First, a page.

If a sleep disorder is suspected, specialized centers typically feature a sleep laboratory equipped with state-of-the-art technology, including infrared cameras, body position sensors, and a digital recording station that can help accurately diagnose and treat all types of sleeping disorders. A thorough examination is performed to identify sleep abnormalities. This test is known as polysomnography, commonly known as a sleep study. During a polysomnography study, eye and leg movements, blood oxygen levels, heart rate, respiration, and brain waves are all recorded.
Sleep neurologists will conduct a comprehensive evaluation to determine whether a neurological condition is causing your sleeping difficulties.
During your initial consultation, you will receive a thorough physical examination with special attention to neurological and breathing symptoms. Your healthcare team will also obtain your complete medical history and sleep records. You will also complete a sleep questionnaire that aids in collecting your clinical history.
After an evaluation, you may be referred for an overnight and/or daytime sleep study. This is usually done in case of hypersomnia, e.g., as part of a narcolepsy sleep study.
Treatment Of Neurological Sleep Disorders
Neurologists collaborate with sleep medicine experts and other specialists to provide the best care for patients with neurological sleeping disorders.
Depending on the cause and severity of your sleep/wake disorder, the neurologic sleep disorder treatment may include the following:
- Behavioral interventions: These include educating patients about the nature of their sleeping disorders, their underlying conditions, and sleep hygiene recommendations that can help them improve sleep quality. Patients learn specific relaxation methods (autogenic training, progressive muscle relaxation, Qi Gong) and undergo various forms of psychotherapy.
- Chronotherapy: This therapeutic intervention focuses on resetting the patient’s circadian rhythm (biological clock) by adjusting bedtime according to natural light exposure. Different types of chronotherapy include bright light therapy, sleep phase advance therapy, and sleep deprivation therapy.
- Medications: A drug treatment can be useful temporarily, with a wide variety of active ingredients - depending on the severity and type of sleep disorder - being used, whereby conventional sleeping pills can be largely dispensed with.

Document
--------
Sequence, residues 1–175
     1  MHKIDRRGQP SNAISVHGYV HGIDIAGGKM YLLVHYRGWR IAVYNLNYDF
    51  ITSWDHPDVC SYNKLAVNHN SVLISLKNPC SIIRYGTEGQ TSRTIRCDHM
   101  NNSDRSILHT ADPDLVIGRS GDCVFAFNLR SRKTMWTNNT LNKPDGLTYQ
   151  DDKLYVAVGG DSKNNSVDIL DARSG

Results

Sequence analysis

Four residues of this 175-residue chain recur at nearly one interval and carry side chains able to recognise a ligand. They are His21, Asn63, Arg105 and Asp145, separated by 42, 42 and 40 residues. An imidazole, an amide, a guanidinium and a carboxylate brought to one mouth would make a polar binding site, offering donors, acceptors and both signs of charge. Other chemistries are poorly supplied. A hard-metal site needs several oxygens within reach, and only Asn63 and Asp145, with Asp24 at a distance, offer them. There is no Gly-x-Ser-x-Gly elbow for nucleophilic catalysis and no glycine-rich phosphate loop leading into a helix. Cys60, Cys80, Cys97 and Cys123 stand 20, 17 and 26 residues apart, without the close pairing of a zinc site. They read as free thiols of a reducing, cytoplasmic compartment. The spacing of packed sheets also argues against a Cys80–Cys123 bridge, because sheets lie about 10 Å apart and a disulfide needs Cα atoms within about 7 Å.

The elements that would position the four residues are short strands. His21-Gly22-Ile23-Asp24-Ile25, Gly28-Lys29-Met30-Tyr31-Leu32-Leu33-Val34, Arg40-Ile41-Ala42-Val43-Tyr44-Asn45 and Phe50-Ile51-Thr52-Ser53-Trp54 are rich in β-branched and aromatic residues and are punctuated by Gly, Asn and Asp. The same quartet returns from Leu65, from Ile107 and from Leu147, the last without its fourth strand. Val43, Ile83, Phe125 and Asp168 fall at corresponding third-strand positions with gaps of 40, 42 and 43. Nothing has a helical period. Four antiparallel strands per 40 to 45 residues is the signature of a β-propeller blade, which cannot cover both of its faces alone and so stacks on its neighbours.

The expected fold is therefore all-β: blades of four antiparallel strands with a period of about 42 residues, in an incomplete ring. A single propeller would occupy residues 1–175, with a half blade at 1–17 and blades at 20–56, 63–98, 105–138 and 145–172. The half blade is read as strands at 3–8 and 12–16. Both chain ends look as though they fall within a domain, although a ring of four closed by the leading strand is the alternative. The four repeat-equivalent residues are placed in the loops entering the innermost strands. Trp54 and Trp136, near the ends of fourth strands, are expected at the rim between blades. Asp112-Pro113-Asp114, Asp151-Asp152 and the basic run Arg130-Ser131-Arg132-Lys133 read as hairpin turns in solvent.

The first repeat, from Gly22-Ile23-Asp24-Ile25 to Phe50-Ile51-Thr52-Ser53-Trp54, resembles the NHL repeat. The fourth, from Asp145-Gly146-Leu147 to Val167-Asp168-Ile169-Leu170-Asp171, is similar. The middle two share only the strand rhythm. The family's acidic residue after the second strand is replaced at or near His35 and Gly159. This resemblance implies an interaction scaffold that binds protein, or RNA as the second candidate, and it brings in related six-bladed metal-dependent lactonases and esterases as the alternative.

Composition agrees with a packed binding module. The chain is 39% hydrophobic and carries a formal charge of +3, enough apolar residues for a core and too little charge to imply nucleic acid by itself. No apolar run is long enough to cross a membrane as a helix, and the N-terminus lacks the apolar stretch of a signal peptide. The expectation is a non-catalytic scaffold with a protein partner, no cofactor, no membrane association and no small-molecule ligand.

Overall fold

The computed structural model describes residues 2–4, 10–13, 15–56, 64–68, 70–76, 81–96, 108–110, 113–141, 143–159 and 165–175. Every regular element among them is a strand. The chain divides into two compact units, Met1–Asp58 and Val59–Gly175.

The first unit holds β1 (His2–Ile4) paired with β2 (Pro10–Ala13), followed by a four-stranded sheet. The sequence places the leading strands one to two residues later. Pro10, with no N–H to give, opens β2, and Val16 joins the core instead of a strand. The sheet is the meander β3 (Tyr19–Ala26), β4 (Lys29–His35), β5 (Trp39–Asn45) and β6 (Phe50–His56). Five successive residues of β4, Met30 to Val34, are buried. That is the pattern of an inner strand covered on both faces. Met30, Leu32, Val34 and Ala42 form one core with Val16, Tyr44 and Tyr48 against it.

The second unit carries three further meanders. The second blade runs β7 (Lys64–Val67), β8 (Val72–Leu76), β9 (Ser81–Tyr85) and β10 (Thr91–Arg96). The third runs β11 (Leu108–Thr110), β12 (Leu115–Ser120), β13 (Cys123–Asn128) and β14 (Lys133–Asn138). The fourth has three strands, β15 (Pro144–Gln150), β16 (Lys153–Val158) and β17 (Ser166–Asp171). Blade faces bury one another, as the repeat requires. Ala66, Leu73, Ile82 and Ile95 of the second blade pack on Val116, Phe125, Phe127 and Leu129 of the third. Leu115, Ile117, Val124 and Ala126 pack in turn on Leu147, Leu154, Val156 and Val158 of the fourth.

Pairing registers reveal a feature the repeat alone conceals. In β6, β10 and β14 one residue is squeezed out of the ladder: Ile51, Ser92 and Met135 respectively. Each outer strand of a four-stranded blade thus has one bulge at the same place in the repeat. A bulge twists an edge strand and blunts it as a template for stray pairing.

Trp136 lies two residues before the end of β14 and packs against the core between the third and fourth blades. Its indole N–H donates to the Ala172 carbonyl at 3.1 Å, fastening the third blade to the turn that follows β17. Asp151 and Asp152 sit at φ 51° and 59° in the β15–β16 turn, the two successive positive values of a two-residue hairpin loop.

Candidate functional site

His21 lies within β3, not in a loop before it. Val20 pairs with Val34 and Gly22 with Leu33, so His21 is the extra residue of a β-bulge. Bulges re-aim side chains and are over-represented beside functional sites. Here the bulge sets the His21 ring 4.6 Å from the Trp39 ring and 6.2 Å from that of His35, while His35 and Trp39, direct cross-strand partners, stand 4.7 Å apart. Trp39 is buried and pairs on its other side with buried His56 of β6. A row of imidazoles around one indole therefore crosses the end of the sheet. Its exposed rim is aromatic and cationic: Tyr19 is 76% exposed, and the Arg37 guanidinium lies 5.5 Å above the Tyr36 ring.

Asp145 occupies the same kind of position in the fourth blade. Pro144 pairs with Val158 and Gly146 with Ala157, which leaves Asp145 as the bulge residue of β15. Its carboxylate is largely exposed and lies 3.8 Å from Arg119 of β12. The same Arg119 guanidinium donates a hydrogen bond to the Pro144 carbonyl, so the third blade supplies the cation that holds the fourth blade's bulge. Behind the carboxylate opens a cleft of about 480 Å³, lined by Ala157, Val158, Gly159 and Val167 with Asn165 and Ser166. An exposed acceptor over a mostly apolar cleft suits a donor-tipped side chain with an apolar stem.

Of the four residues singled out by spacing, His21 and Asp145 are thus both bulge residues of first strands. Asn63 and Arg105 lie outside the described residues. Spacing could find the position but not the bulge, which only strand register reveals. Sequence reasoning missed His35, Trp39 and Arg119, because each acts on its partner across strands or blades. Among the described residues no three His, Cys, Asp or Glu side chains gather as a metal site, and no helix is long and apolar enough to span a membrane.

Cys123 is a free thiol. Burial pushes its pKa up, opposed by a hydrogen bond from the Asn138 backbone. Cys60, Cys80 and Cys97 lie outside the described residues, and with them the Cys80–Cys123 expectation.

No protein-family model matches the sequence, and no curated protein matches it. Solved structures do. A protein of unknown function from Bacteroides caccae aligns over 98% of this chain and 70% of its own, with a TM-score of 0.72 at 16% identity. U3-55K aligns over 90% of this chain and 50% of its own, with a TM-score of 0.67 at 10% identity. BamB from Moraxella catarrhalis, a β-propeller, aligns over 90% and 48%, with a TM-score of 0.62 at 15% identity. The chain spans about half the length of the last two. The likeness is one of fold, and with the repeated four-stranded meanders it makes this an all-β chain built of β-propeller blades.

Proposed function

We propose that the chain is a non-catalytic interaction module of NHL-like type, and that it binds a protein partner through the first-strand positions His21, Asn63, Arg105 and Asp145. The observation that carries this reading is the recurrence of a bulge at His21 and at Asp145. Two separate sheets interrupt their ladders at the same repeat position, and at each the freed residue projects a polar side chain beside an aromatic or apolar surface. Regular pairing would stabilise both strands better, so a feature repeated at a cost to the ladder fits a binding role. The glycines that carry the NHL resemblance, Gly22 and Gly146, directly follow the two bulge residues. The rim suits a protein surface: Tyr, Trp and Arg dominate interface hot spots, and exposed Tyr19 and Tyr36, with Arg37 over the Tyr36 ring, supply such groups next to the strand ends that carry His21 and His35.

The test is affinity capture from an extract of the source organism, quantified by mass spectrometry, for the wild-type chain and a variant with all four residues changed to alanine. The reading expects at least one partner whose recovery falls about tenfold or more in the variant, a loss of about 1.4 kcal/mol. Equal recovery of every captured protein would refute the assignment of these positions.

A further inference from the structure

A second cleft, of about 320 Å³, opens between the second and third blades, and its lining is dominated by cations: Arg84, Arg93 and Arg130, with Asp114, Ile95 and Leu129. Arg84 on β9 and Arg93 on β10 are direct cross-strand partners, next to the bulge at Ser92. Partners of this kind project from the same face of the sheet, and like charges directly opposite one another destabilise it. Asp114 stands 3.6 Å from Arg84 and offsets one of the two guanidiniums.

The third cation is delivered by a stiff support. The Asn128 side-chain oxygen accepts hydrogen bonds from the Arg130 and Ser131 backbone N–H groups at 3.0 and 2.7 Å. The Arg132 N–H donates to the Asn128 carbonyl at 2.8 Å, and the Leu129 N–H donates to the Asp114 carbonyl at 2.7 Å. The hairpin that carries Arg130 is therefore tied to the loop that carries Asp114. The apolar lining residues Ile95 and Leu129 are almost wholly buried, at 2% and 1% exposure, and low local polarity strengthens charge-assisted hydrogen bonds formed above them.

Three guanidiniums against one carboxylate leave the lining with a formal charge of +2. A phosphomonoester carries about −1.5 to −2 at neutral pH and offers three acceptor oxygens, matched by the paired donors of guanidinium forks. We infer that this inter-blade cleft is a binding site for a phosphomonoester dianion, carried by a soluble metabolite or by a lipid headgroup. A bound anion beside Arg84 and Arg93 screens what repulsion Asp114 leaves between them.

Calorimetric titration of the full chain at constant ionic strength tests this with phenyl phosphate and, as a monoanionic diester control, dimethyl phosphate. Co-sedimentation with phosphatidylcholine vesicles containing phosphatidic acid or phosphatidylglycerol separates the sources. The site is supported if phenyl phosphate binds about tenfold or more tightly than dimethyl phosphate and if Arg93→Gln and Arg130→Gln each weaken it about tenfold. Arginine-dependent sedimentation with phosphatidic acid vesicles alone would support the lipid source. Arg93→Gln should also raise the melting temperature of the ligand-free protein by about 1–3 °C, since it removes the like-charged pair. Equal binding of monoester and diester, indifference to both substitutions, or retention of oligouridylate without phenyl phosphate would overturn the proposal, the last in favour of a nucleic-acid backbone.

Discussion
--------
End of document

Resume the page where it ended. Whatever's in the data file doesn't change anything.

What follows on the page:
- Positive Airway Pressure therapy: Special devices, such as a CPAP (continuous positive airway pressure) machine or BiPAP (bilevel positive airway pressure) ventilator and other special ventilation therapies, can successfully treat breathing-related sleep disorders. These devices prevent breath pauses during sleep by pushing air into your lungs with positive airway pressure.
- Surgery: Obstructions in the upper respiratory tract, such as tumors of the nose and throat or a deviated septum, may cause sleep-related breathing disorders. Surgery can remove these obstructions, improve breathing, and resolve sleeping issues. Experience has shown that an operation is only necessary in very rare cases.
The brain is responsible for controlling sleep, and different neurological factors can affect the sleep process. Not getting enough sleep may be a symptom of an underlying neurological problem.
Sleep disorders can also negatively affect a person’s quality of life and increase the risk of chronic health problems, such as heart disease, kidney disease, hypertension, diabetes, stroke, obesity, and depression. Both quality of life and life expectancy can be affected by sleep disorders.
Most sleep disorders can be very successfully treated with the appropriate diagnosis.
Modern centers for treating sleep disorders caused by neurological problems use the latest advancements in sleep medicine to identify the problem and develop specialized treatments for each patient.
Disclaimer: Please note that Mya Care does not provide medical advice, diagnosis, or treatment. The information provided is not intended to replace the care or advice of a qualified health care professional. The views expressed are personal views of the author and do not necessarily reflect the opinion of Mya Care. Always consult your doctor for all diagnoses, treatments, and cures for any diseases or conditions, as well as before changing your health care regimen. Do not reproduce, copy, reformat, publish, distribute, upload, post, transmit, transfer in any manner or sell any of the materials in this blog without prior written permission from myacare.com.